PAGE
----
Perhaps that’s why they’re filling some of the top posts in cryptocurrency: Amber Baldet helped lead the Blockchain Center of Excellence at J.P. Morgan for more than two years; Elizabeth Rossiello founded a foreign exchange and payment platform in Africacalled BitPesa; Galia Benartzi cofounded Bancor, a liquidity protocol that makes it easier to convert cryptocurrencies. And you can expect to hear more from these leaders, in part because they want women to get credit for the work they’re doing, which, Gallippi points out, can motivate more women to get involved.
Baldet, who has spent a lot of her time in tech working with at-risk populations, stresses how having someone at the design table who represents the people who are going to use the technology can sometimes even be a matter of life or death. “Women, I’ve found, are quick to postulate scenarios that unfortunately often hit close to home, like how GPS location sharing or an emailed receipt might disclose sensitive activity to an abusive partner,” she says. “Later those same privacy features might make someone love your app because you kept them from accidentally ruining a surprise party. Diversity in development isn’t about a numbers game. It’s about filling in each other’s blind spots to build a safer, more useful product for everybody.”
Designing these applications to be attractive to women is also just good business, says Meltem Demirors, who recently left her post as a vice president at Digital Currency Group, a cryptocurrency- and blockchain-focused investment firm that she helped launch in 2015. She notes that 80 percent of consumer spending in the U.S. is influenced by women. Not making these currencies work for women would mean “missing out on the biggest concentration of wealth,” she says. “It’s women who control money in this world.”
A New Cryptocurrency Club
This generation of female entrepreneurs, having watched men own the tech space, is intent on keeping the playing field level. They insist that closing the gender gap will result in a more inclusive technology.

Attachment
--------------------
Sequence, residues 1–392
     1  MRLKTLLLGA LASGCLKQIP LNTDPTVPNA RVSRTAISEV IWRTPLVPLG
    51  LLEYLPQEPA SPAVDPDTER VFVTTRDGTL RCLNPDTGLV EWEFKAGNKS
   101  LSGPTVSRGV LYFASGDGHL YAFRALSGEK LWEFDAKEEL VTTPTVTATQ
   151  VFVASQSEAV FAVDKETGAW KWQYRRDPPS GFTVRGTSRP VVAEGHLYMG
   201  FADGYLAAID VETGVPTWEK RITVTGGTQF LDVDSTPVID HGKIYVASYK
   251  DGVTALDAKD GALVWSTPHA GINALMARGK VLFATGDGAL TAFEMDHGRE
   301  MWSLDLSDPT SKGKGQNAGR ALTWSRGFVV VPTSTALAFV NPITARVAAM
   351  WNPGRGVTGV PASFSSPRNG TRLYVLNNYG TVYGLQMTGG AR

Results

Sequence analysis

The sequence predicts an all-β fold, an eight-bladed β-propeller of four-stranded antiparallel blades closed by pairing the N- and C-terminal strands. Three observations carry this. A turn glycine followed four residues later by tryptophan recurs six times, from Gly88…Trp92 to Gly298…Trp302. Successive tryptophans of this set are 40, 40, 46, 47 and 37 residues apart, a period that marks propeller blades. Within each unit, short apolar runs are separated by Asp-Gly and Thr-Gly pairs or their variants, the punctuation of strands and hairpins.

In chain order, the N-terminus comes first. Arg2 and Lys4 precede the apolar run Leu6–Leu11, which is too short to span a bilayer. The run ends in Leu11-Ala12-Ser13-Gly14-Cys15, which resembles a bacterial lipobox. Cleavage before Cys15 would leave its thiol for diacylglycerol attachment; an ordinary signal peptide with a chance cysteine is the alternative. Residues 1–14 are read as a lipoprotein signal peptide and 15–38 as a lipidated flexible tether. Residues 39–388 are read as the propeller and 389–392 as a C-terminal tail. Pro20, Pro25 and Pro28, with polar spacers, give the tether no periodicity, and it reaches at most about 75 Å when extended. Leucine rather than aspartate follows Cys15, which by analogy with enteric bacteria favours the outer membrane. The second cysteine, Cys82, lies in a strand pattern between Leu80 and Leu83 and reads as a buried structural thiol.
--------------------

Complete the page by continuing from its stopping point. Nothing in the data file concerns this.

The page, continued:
Gallippi, of BitGive, immediately noticed that cryptocurrency conferences had almost exclusively all-male speaker lineups. “It just drove me insane,” she says. So she began to compile a list of women in the space that she sent to conference organizers, urging them to draw more heavily from female talent. Even today when she attends panels, “very often I’m the only woman or one of the very few women speaking,” she says. Women, Gallippi says, should have a seat at the table. “They should be up in front of people, and that would draw more women in.”
Other powerful women in the field have used their influence to pull women up the ranks. “I just brought on a female board member. I specifically went out there and said, ‘I’m looking for a female,’” says Rossiello, of BitPesa, a service that has operations across Africa, as well as in the U.K. and Europe, that allows users to make business payments and buy and sell Bitcoins from their mobile phones. “I think being that bold is important to change the cycle.”
A new network is forming among these women, all of whom talk of the others in glowing, supportive terms. “Wealth in our world is unfortunately still synonymous with power,” says Demirors. “So if we want to see women in power, let’s help each other create wealth and let’s redeploy that wealth into helping other women grow amazing businesses. It’s not hard to foster more diversity. Empower women, hire them, give them capital. We are in the middle of one of the largest wealth-creation cycles of this decade, if not this century.” And she wants to make sure women don’t miss out.
As Stark sees it, blockchain technologies today are analogous to the early days of the Internet. “Women need to be building this new frontier,” she says. “There’s way too much of the prior generation of the Internet that was not built by a diverse group of people.” Recently we’ve seen how a diet of all-white-male test data can lead to bias in artificial intelligence, overlooking people of color, for example. “I want to see broader participation,” says Stark, “broader perspectives contributing to better problem-solving.”
Thanks to the women on the front lines, the industry may just have a shot at getting things right this time.
Morgen Peck, a freelance technology writer, has been covering cryptocurrency since 2011.